The Queen of Everything has moved to a new kingdom. In advance, she sent her husband of 71 years, Francis, ahead to prepare her accommodations.
Born in the same year as the lesser-known Queen of England, like all queens, she has profoundly impacted the lives of many.
With Halloween already taken, she chose to arrive on October 30th, 1926. From that very first day, proud mother Anne Nimchuk became her raison d’être. Mom’s uncommon strength as a young woman helped Nan survive difficult years raising her and her brother Jack in a small house and on a meagre income. Despite the struggles, Mom managed to excel academically, earning a scholarship to pursue post-secondary education. Looking at a bright future and harbouring a deep-rooted yearning to explore the world, she instead chose to support her mother financially and emotionally, eventually welcoming Nan into her home where she was surrounded by the deep affection of her grandchildren. In almost every way, that selfless decision and act of love shaped the course of the rest of Mom’s life.
In 1950, Mom married the man of her dreams, who, she routinely asserted, was the only man she had ever “been with” or would ever “be with”: Francis “Red” Anderson. Maybe it was his smooth dancing skills, his flash of wavy red hair, or his knowledge of naval knots, but the attraction wasn’t likely due to a meeting of the minds. In fact, Mom rated her smartness as 10 out of 10, whereas Dad rated his “a 2” with Mom adding another “7.5”. An often-heard phrase was “It’s a good thing your father met me, or he’d be lying in a ditch somewhere...” In the end they were the perfect opposites to qualify for a long marriage: Mom hated cleaning closets and Dad hated making beds.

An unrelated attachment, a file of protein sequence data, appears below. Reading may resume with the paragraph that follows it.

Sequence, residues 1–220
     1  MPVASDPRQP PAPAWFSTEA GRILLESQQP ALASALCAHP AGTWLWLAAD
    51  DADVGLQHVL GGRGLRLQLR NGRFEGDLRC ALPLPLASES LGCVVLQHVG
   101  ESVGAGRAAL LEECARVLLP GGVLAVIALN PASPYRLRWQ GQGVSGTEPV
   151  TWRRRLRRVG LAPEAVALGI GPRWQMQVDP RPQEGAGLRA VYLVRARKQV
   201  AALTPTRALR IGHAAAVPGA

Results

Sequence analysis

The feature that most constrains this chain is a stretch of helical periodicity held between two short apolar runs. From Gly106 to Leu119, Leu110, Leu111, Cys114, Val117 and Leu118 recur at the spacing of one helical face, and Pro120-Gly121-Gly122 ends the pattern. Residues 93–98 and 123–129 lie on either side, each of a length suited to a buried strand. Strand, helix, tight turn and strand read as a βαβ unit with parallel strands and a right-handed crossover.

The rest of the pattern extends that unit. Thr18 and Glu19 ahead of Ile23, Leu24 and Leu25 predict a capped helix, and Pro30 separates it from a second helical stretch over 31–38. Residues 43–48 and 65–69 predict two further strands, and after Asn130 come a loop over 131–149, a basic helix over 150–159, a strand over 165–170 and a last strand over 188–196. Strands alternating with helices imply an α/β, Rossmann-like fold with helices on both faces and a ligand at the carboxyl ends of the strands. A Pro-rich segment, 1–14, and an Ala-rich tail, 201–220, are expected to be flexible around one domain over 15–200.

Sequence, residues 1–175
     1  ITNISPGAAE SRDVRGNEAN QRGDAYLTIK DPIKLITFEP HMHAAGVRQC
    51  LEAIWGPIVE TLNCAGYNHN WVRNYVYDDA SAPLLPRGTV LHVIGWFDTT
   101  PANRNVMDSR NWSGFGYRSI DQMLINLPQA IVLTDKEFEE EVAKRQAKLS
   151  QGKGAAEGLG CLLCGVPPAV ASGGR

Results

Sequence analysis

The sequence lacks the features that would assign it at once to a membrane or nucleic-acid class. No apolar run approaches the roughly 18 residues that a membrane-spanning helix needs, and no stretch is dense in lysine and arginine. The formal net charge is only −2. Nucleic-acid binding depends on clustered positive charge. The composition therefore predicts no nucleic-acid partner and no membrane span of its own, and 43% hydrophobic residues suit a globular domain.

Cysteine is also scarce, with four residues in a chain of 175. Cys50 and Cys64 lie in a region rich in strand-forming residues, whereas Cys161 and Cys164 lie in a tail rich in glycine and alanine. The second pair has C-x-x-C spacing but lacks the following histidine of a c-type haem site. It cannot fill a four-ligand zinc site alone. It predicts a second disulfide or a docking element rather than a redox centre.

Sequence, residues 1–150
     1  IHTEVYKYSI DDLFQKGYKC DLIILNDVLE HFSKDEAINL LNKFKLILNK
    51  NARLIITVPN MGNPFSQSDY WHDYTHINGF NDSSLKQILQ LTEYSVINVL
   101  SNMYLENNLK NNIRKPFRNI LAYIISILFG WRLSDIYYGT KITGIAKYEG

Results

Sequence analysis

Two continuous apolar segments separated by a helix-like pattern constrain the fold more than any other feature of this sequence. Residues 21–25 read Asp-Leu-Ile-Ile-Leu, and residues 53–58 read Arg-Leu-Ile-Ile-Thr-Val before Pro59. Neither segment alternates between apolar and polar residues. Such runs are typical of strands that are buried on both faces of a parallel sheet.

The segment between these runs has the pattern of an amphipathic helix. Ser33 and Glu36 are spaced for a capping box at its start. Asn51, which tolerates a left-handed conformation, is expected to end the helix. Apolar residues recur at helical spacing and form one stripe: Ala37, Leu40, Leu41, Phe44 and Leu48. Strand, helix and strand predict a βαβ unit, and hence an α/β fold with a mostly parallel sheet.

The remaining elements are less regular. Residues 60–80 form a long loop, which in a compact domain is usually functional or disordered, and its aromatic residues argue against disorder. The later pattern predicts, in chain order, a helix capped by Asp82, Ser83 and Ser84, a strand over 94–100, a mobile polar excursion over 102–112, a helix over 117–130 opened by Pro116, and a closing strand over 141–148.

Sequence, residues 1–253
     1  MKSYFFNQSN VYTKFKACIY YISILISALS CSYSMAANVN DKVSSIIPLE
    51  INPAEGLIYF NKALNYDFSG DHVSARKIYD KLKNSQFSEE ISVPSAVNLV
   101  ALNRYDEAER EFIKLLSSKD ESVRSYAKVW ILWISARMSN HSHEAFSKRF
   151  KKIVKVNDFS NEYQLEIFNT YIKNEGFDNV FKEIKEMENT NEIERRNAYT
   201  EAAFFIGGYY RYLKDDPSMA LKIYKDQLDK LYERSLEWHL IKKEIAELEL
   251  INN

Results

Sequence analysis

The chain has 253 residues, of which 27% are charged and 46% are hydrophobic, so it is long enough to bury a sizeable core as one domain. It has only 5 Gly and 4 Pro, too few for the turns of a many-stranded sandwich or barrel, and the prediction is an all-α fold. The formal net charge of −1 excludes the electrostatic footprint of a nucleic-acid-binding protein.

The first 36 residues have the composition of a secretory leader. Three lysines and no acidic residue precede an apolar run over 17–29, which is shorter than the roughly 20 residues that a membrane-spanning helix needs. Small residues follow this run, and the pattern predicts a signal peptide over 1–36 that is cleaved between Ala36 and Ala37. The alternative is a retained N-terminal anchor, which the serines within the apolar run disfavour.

With Mom’s determination, to-do lists, and budgeting skills, they built the family home on Farrand Street with their own hands. Contemporary at the time and still a fixture on the street today, the home was large enough to accommodate Mom’s famous giant Christmas trees, each year procured in the same way: by wandering through the “bush” ruling out the top of prospective 100’ victims, then, after that, ruling out the top of the remainder before bringing it into the home. Dress-up New Year’s parties with her friends and waist-expanding family dinners featuring mom’s pies and Nan’s perogies and cabbage rolls were always a staple. Tom Jones and Robert Goulet playing loudly in the hours leading up to holidays and get-togethers, omnipresent. Mom was the catalyst of a very active household with four very active children, allowing a continuous flow of relatives, friends, visitors, and family pets into her home. Even in her final days, Mom welcomed and easily befriended visitors and caregivers at her home in Roseview. From meatballs to wooden spoons, Mom was the adhesive that held the family together.